Fast Five of Cloud Modernization
Following up from my talk at SpringOne Platform this year I wanted to post a little deeper on the Fast Five. The Fast Five things you can do to your app today to get ready for the cloud tomorrow. Looking at some the things that are not as invasive but impactful when modernizing.
But in no particular order here are the Fast Five:
- Build, Run, Release
Mind you these are all part of the 12 Factors. Taking a deeper dive on these concepts:
One codebase tracked in revision control, many deploys
Codebase is going to be more on process within your organization than anything else. Once you have identified all core components your app need centralize all on to one code base. Now this seems like a crazy idea. Thinking it through this is one area for one to refactor and decompose your monolith. Now trying to figure out what to collapse in to one code base is not easy. The complexity of any organization has way to many nuances.
Branching strategy is part of this. Establish a branching strategy and stick with it. There are plenty of them to choose from (GitFlow, GitHub Flow, etc.). Focus on not allowing long running branches either. This is a management nightmare and avoid them at all cost. To combat this feature flagging products like Launch Darkly are great to use for this.
Store config in the environment
We have constantly deployed configuration with our apps for years. This worked great when we were only deploying a few components to an environment to get an app running. But as we move to the cloud deployment points will grow. It is the simple nature of building a distributed system. So a simple config change would require a change in a lot place. To address this is centralizing configuration. Using something like Spring Cloud Config helps solve this issue.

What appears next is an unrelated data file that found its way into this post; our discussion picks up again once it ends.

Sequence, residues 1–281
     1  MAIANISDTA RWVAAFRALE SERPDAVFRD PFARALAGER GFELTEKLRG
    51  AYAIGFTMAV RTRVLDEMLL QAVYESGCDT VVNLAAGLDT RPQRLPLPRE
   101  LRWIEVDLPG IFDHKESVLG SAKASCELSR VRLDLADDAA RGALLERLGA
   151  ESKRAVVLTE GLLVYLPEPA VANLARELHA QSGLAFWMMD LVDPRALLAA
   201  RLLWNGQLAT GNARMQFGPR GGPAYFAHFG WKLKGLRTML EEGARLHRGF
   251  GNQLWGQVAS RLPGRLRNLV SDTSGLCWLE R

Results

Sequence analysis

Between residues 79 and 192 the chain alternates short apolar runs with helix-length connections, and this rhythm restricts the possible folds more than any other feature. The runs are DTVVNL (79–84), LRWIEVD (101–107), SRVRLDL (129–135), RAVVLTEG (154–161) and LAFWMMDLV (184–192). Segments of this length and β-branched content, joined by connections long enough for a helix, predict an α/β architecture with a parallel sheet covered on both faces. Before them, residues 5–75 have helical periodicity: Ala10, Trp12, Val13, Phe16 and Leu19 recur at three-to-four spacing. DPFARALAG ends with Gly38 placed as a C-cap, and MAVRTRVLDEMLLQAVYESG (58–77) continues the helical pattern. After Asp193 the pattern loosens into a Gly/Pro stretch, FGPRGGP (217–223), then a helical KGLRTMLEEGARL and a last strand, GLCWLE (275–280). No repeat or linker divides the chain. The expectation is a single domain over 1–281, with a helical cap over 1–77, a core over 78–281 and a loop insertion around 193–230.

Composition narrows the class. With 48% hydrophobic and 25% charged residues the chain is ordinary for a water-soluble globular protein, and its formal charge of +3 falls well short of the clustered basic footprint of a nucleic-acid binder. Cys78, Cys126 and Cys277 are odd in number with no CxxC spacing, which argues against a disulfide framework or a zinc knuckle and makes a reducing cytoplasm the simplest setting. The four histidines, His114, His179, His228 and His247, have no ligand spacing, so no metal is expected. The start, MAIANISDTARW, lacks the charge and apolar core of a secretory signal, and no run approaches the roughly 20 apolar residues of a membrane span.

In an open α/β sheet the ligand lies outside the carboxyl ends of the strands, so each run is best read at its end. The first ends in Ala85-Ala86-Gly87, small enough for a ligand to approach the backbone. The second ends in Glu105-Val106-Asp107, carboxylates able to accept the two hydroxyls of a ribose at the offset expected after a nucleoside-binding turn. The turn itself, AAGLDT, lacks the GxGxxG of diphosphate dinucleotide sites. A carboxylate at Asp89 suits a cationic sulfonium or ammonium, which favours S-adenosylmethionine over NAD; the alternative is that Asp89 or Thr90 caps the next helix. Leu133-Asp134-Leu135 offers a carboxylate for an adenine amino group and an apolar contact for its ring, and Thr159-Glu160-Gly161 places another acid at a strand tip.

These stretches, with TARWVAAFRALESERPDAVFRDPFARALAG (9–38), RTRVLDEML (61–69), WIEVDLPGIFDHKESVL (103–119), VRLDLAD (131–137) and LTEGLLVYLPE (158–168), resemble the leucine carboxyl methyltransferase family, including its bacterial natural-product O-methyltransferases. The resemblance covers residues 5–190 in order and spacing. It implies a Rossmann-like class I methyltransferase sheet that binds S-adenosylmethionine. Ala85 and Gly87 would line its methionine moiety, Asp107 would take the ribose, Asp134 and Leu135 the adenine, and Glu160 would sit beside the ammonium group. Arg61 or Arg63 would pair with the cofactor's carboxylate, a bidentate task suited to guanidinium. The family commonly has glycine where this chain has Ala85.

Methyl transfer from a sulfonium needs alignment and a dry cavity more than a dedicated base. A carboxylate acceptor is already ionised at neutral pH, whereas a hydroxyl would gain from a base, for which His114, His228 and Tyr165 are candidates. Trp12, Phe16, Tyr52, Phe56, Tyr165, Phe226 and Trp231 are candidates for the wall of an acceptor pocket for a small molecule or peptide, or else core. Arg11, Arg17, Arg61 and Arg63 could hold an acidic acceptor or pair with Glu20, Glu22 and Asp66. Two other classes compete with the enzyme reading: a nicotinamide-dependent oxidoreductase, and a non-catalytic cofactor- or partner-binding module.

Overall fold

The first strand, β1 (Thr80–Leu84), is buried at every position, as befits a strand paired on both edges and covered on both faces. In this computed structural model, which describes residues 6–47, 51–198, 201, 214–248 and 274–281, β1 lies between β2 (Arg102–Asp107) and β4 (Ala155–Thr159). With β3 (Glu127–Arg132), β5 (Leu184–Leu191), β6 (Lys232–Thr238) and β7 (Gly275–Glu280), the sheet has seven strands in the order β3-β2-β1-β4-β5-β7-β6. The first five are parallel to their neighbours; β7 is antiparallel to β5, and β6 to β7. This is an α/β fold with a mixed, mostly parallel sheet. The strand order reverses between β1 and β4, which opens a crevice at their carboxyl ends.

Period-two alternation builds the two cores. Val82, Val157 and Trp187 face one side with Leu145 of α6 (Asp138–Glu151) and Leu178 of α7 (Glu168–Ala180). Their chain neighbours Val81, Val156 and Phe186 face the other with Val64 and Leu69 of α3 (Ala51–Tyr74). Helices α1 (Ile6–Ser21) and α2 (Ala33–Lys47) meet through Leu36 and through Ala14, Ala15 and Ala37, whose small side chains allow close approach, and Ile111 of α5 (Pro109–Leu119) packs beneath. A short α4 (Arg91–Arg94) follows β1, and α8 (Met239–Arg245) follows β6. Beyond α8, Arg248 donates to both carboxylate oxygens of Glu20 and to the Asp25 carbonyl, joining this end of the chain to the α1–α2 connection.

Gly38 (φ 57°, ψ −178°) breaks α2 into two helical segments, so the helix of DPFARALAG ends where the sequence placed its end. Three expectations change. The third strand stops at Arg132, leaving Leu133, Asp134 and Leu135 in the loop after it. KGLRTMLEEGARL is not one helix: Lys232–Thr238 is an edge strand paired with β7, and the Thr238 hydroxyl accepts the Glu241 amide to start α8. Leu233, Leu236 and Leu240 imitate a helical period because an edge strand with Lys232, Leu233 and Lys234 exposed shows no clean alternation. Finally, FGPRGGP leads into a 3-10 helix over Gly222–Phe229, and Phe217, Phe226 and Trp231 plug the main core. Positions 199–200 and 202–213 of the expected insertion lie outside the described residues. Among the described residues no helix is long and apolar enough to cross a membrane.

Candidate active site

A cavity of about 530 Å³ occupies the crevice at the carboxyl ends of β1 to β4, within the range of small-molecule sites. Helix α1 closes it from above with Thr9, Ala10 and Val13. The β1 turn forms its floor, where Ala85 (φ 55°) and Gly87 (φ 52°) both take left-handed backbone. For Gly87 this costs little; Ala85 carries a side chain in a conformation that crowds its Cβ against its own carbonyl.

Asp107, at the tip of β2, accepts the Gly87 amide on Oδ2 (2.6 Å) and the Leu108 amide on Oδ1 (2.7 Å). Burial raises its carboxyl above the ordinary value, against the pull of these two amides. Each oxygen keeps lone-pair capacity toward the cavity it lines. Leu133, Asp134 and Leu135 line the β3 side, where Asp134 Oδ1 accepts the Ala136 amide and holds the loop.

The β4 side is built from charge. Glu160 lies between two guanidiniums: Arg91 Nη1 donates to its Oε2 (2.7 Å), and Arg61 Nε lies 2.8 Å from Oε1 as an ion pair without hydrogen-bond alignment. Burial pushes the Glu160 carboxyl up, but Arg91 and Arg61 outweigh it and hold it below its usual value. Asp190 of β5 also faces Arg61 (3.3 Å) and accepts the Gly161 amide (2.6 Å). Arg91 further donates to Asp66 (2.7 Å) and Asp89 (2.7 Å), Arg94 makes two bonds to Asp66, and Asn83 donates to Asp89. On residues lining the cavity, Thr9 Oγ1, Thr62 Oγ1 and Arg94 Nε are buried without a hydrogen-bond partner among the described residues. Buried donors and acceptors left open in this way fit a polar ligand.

This moves configuration from being deployed with our apps to being served up by SCC. Our apps consume the configuration being served up through a lightweight client.
Build, Run, Release
Strictly separate build and run stages
This is once again a bigger change on an organizations process rather than a technical change. Once a change is build it should be treating as immutable. Changes to that artifact should go through the build process. What we mean by this is if a build artifact has the wrong reference don’t add the correct binary to the artifact. Change the code to call the correct reference and rebuild and deploy that artifact.
Maximize robustness with fast startup and graceful shutdown
Of all of the Fast Five this one isn’t the easiest to implement. This is a technical change that isn’t easy to implement. There are two sides of this start up and shut down. Where each need some careful consideration. For start up getting the start up time to be less than 15 seconds. This isn’t critical now but when deployed to the cloud this is critical. Shut down is just as important. You should target getting your shut down time to being less than 5 seconds. Shut down should not result in the lost of data.
Treat logs as event streams
Logs are again a technical change, meaning a code change. Where you should centralize on a single logging library. Each deployment point should have a single point where it is writing a log externally. This makes it easy when you need to change the way your app logs when moving to the cloud.
These are a few things today you can do to prep any app for a full on cloud modernization effort. This are not specific to any language we have done this to both .NET and Java apps. Here is the video of my talk at SpringOne.